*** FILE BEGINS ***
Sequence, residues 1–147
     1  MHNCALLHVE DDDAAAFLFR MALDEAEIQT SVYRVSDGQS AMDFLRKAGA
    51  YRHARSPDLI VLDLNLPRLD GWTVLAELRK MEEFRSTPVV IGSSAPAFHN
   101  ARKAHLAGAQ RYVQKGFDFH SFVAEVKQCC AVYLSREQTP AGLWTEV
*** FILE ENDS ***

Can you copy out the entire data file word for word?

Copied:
Sequence, residues 1–147
     1  MHNCALLHVE DDDAAAFLFR MALDEAEIQT SVYRVSDGQS AMDFLRKAGA
    51  YRHARSPDLI VLDLNLPRLD GWTVLAELRK MEEFRSTPVV IGSSAPAFHN
   101  ARKAHLAGAQ RYVQKGFDFH SFVAEVKQCC AVYLSREQTP AGLWTEV